A Brooding ‘The Batman’ Revives Moviegoing With Top Opening This Year


Batman can add another vanquished villain to his résumé: the dreary start to this year’s Hollywood box office.

“The Batman,” Warner Bros.’ reboot of the stand-alone Batman franchise, grossed $128.5 million in its opening weekend, the studio said, the best opening weekend for a film since Sony Pictures Entertainment’s “Spider-Man: No Way Home” earned $260.1 million in its December debut, according to box office tracker Comscore.

Including international receipts, “The Batman” grossed a total of $248.5 million in its opening weekend. The film, which has been paused for release in Russia in response to President

Vladimir Putin’s

invasion of Ukraine, comes out in Japan next week and in China on March 18th.

The success of “The Batman”—it had the biggest box office haul of 2022 after just one weekend on screens and the second-best gross of the pandemic era—is an encouraging sign for studios, given the timing of its release in between holiday seasons, lingering fears over the Omicron variant of Covid-19, the film’s dark subject matter and its nearly three-hour run time.

The result represents the fourth-largest opening weekend gross ever for a Batman movie—the best was $166 million for “Batman vs. Superman: Dawn of Justice” in 2016. Warner Bros. had predicted an opening weekend gross of between $80 million and $90 million.

Michael Keaton in 1992’s ‘Batman Returns.’


Warner Bros/Courtesy Everett Collection

Critics were impressed by “The Batman,” directed by Matt Reeves, which has been described as a gritty film noir that has more in common with Christopher Nolan’s “Dark Knight” trilogy—in which the title character and his adversaries grappled with personal demons—than with the superhero ensemble movies, such as “Justice League” that immediately preceded it. RottenTomatoes.com reported that 85% of the film’s reviews have been positive.

“The Batman” brought a new ensemble of actors to the classic tale, including Robert Pattinson as the title character; Zoë Kravitz as Selina Kyle, the thief also known as Catwoman; and Paul Dano as The Riddler, who terrorizes Gotham City.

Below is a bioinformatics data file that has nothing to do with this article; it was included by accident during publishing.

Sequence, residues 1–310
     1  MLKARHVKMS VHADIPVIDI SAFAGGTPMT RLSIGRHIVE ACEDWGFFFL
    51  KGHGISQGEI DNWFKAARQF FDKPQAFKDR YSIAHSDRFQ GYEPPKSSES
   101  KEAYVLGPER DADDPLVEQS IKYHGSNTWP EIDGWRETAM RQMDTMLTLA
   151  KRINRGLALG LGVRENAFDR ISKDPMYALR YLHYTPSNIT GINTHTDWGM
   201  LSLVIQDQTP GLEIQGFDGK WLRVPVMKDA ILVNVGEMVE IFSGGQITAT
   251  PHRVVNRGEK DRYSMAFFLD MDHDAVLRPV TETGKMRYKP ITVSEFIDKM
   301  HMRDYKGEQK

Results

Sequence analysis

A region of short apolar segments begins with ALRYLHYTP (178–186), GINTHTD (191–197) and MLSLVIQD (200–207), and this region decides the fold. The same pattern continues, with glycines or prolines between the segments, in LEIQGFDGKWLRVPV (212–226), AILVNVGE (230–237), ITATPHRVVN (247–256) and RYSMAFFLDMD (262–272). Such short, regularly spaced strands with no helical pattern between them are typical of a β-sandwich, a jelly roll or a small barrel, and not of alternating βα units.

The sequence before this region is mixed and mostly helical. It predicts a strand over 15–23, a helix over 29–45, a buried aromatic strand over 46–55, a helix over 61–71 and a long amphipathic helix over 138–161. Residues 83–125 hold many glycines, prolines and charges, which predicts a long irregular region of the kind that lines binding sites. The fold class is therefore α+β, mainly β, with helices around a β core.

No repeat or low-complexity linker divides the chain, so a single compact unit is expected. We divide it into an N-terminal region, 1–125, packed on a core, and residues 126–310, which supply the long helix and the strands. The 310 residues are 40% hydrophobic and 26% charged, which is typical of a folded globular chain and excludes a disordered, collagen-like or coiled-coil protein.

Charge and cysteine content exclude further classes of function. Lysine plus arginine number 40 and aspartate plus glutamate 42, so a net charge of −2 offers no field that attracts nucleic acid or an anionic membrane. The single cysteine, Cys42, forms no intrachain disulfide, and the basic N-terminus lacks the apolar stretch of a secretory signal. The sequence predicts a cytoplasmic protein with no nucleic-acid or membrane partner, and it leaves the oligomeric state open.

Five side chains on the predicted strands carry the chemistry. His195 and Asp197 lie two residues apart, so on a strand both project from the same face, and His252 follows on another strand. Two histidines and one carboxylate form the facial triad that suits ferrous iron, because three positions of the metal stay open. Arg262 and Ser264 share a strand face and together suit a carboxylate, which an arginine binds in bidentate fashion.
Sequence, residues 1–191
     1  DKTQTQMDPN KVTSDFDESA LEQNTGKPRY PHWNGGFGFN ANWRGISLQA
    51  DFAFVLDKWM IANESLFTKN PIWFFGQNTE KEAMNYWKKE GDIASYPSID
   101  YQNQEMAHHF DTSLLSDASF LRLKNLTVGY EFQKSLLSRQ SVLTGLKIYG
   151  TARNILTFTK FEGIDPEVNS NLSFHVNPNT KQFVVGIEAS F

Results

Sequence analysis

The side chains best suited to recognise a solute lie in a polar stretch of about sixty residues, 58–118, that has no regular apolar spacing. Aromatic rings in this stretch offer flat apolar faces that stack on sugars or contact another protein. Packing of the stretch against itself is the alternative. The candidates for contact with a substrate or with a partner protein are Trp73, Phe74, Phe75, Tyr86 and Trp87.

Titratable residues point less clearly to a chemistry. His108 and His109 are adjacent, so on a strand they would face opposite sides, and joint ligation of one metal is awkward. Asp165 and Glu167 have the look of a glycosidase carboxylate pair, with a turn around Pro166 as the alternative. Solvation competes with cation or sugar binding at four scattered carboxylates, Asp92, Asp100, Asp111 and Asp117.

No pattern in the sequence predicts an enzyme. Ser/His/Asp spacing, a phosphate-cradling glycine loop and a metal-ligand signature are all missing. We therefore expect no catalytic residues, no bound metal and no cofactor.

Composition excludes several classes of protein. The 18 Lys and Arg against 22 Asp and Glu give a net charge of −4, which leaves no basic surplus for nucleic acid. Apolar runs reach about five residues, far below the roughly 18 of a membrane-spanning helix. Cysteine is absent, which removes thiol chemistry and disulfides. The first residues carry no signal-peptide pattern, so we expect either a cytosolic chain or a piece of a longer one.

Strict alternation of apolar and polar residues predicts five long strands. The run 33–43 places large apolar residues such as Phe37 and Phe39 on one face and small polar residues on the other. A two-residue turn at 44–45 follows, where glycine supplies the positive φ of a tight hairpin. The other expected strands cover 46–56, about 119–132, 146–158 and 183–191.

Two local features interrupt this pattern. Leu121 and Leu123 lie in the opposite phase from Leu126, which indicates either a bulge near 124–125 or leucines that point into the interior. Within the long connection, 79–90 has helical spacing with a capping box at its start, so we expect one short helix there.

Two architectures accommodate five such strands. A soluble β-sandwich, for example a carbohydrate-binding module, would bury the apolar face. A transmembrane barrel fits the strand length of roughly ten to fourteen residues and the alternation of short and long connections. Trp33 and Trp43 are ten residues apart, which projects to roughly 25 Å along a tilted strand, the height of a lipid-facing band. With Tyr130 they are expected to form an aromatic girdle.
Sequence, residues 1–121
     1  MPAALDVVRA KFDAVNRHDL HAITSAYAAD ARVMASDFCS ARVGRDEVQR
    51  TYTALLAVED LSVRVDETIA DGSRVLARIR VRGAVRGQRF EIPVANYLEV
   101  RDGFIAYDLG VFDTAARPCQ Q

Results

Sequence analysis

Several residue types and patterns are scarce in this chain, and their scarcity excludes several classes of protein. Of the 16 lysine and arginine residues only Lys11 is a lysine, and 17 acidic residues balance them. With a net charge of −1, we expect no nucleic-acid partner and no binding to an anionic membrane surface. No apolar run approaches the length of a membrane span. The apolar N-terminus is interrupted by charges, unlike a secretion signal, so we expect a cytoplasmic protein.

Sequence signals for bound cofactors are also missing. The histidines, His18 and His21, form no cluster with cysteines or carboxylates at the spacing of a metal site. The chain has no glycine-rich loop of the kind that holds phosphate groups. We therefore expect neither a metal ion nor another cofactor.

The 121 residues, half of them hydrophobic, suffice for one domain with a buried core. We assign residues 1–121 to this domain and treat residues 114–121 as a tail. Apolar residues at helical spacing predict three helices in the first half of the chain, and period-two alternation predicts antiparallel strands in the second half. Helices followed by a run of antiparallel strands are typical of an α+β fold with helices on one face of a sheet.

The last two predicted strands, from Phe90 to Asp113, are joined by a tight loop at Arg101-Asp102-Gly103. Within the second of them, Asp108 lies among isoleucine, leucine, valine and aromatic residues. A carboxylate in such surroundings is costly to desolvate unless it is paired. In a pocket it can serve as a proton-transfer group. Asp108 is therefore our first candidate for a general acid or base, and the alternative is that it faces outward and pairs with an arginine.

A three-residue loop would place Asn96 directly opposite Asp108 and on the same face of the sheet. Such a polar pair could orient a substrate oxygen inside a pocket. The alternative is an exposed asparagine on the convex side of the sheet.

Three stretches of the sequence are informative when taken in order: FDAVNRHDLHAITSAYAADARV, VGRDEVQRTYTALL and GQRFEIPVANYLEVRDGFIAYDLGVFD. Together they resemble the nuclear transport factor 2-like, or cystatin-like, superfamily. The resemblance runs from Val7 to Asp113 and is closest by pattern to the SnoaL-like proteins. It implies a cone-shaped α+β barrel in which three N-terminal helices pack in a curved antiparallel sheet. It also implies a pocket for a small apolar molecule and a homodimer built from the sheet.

Mr. Pattinson, who emerged over a decade ago as a Hollywood heartthrob in the “Twilight” series, is the seventh cinematic Batman, following in the footsteps of A-listers including Ben Affleck, George Clooney, Michael Keaton and Christian Bale.

“We’re in rarefied air here. Since 2019 there have only been two movies that have opened with more than $100 million at the box office,” said

Jeffrey Goldstein,

president of domestic distribution for Warner Bros.

Mr. Goldstein cited the film’s strong performance at premium showings through IMAX, Dolby Cinema and others, plus improvements that theater owners made to the viewer’s experience, including renovations, new concession offerings and sound technology, as part of the reason for the opening’s success.

Christian Bale starred in 2005’s ‘Batman Begins.’


Warner Bros/Courtesy Everett Collection

The film’s box office performance also gives ammunition to critics of many Hollywood studios’ pandemic strategy to release some big-name movies, including “Dune,” “Suicide Squad,” and “The Matrix Resurrections,” on streaming services and in theaters at the same time.

WarnerMedia, which owns both the studio and streaming service HBOMax, released its entire slate of films simultaneously in theaters and online last year, provoking outrage among directors and actors, who said that the strategy cheated them out of bonuses related to how well the films performed at the box office.

This year, WarnerMedia says it is pivoting to a 45-day theatrical window, meaning that “The Batman” will be seen only in theaters until mid-April, when it is expected to begin streaming on HBOMax.

“With no more streaming experiments for blockbusters, you can really see the potential that these movies have,” said

Richard Gelfond,

chief executive of film technology firm IMAX, which showed “The Batman” on 405 screens in North America.


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The day-and-date strategy “was a completely failed experiment and it lasted way longer than it needed to,” Mr. Gelfond said.

The film also represents a major shift in ticket-pricing strategy for exhibitors. For the first time, some cinemas introduced a premium pricing model in recent months that will result in tickets costing about $1 more for “The Batman” compared with other films shown in the same theaters.

“The Batman” also will likely benefit from facing almost no competition from other franchise titles for the next few weeks. The next superhero film slated to come out is


SONY -1.76%

“Morbius,” scheduled for April 1. Other major coming titles, including


“The Lost City,” starring Channing Tatum and Sandra Bullock, and the animated feature “Sonic the Hedgehog 2,” don’t come out until March 25 and April 8, respectively.

Behind “The Batman,” Sony’s Tom Holland action film “Uncharted” added $11 million in ticket sales this weekend, bringing its total gross to just over $100 million, according to Comscore. It was trailed by Channing Tatum’s “Dog,” at $6 million, and “Spider-Man: No Way Home” at $4.4 million.

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